CHA News

EDs May See Influx of Prescription Refill Requests Due to Closures of Pain Management Clinics

For emergency department directors

This post has been archived and contains information that may be out of date.

As a result of the closure of 29 Lags Medical Centers, which operate high-volume pain management clinics in California, emergency departments in 16 counties may see high numbers of patients needing prescription refills.  

The affected counties include Los Angeles, Ventura, Santa Barbara, San Luis Obispo, Kern, Tulare, Kings, Monterey, Santa Cruz, Fresno, Madera, Merced, Alameda, Stanislaus, San Joaquin, and Sacramento. 

The Department of Health Care Services (DHCS) is working with health plans and community organizations to create transition plans for the patients. However, because Lags Medical Centers advertises over 30,000 patients served in California, the department anticipates that many patients may have difficulty obtaining new pain management providers, given the sudden closures and the high volume of affected patients.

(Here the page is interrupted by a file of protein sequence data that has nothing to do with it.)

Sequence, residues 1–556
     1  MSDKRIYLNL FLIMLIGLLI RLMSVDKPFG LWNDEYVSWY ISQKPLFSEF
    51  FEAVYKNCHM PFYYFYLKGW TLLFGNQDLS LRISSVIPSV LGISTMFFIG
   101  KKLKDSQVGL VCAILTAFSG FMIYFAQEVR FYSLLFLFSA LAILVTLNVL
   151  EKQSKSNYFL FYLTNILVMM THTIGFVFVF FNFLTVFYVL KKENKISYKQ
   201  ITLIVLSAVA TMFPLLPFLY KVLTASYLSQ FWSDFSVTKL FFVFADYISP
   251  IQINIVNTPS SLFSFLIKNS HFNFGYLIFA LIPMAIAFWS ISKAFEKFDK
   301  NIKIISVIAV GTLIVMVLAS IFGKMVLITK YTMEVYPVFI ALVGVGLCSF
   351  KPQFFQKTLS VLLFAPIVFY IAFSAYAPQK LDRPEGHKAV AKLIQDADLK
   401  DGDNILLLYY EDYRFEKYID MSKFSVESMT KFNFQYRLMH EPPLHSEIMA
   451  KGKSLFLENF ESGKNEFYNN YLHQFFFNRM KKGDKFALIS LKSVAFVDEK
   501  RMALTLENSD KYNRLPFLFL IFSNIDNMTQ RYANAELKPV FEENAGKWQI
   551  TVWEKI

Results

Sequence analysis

The department has suggested providing bridging prescriptions to prevent withdrawal in patients using controlled medications for pain — when medically necessary — to allow them to avoid withdrawal symptoms until they can find a new prescriber. Hospitals are asked to notify their medical staff and to consider prescribing buprenorphine and naloxone, when medically necessary and appropriate. 

Because patients may have difficulty finding new providers, as there is a national shortage of pain management providers, DHCS has provided a list of resources that could be used to connect patients to additional access sites for treatment.